How is it that our age has forgotten what was once common sense to those without the law of God?
Atlantis, like the Tower of Babel, stands as an object lesson for what happens when man thinks he can fashion, apart from God, a human-centered, God-defying utopia. We think in our arrogance that we can build what Augustine called the “City of Man” (as opposed to the City of God) and not suffer the same fate as the kingdoms symbolized in the statue that Nebuchadnezzar sees in his dream (Daniel 2): Babylon, Persia, Greece, and Rome. If we won’t heed Daniel 2, maybe we’ll heed Plato’s myth!
4. Atalanta and Hippomenes (Love)
With the help of Venus, the goddess of love, Hippomenes defeated the athletic Atalanta in a running race and so won her hand in marriage. Atalanta was overjoyed to marry him, and all should have been well, but Hippomenes forgot to thank Venus for her aid. As a result, Venus corrupted the desires of Atalanta and Hippomenes so that they made love in the sacred temple of Cybele. Enraged, the goddess transformed the lustful pair into lions.
In our post-sexual-revolution world, people have comes to believe that all sexual desire, as long as it contains some element of love and is consensual, is good. This myth reminds us that there are such things as disordered desires and that they lead us not only to ruin but to the loss of our humanity. When we give in to our base passions, we become like beasts. Significantly, Hippomenes’s indulgence in forbidden desire is prompted by his lack of reverence and gratitude for love itself (embodied in Venus).
5. Jason and Medea (Gender)
Although Medea the witch helped Jason gain the Golden Fleece and defeat his enemies, her dark magic repelled Jason, and he callously put Medea aside to take a new, more sophisticated bride. His decision led to a breach between the lovers, causing Jason to become less and less compassionate and Medea more and more enraged. In the end, Medea took vengeance on Jason by not only killing his new bride but also the two sons whom Medea had born to Jason.
[The myth of Atalanta and Hippomenes] reminds us that there are such things as disordered desires and that they lead us not only to ruin but to the loss of our own humanity.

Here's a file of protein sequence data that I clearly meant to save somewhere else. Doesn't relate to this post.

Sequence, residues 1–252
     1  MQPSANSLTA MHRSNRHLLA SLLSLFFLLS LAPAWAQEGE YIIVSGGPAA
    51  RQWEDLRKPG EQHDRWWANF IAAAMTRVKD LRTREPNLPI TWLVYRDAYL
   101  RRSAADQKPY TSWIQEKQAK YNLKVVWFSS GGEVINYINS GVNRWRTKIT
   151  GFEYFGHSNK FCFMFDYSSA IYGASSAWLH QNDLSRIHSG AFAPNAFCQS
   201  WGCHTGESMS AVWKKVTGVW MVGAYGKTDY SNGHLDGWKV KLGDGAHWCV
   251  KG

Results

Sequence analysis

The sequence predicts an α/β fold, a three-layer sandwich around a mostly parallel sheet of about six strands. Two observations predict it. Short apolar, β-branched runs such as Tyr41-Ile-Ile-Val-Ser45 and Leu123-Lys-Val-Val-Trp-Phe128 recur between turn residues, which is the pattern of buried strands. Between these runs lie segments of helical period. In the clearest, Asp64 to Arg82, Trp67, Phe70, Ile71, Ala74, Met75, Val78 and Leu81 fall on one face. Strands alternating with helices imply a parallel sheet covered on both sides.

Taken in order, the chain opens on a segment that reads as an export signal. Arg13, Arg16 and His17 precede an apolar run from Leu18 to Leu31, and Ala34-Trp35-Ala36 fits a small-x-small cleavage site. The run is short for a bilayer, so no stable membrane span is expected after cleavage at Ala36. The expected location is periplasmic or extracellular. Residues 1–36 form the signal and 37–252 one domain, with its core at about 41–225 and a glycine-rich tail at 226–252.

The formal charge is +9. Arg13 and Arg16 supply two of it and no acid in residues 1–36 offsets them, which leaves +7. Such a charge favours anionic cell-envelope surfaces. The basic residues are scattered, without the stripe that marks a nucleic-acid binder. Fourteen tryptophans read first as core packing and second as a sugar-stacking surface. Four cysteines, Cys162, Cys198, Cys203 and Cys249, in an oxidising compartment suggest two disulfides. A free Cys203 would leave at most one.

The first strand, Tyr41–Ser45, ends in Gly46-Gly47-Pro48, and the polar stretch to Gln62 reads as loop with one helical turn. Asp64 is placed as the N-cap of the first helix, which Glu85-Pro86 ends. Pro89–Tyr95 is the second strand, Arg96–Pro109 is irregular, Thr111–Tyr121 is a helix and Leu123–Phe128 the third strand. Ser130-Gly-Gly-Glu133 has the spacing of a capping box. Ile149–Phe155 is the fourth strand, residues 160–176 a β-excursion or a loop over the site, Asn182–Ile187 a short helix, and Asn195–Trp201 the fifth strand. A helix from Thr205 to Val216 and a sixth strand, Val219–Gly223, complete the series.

What leads to the tragedy of Jason and Medea isn’t their refusal to treat each other as interchangeable equals, but their mutual inability to understand and respect the masculine needs and perspectives of the one and the feminine needs and perspectives of the other. In the myth, Jason becomes strangled by a cold, sophistical, merciless rationalism, as Medea becomes consumed by an uncontrolled passion divorced from all higher ethical standards. In the end, their complementary unity is torn asunder—together with the sons who were the fruit of that unity.
Fighting Fire with Fire
By using these five myths from ancient Greece to counter five of the strongest and most persistent secular myths of our modern/postmodern culture, I don’t mean to suggest we should forego reason- and logic-based apologetics. I merely suggest that it’s sometimes more appropriate and effective to fight fire with fire. Secular myths have power precisely because they are myths. They appeal to us on a level deeper than reason and logic, a level that engages our emotive and imaginative core.
The culture wars of the 21st century are being waged in the arena of narratives, stories we tell ourselves to give our lives meaning and justify our actions. If we’re to win such a war, then we must meet our adversaries on the battlefield of myth. And we must realize that, when it comes to this kind of struggle, the old pagan myths, which contain the collective wisdom of the past, are more often than not on our side. For Christ, as Chesterton, Tolkien, and Lewis all agreed, is the true myth, the myth made fact.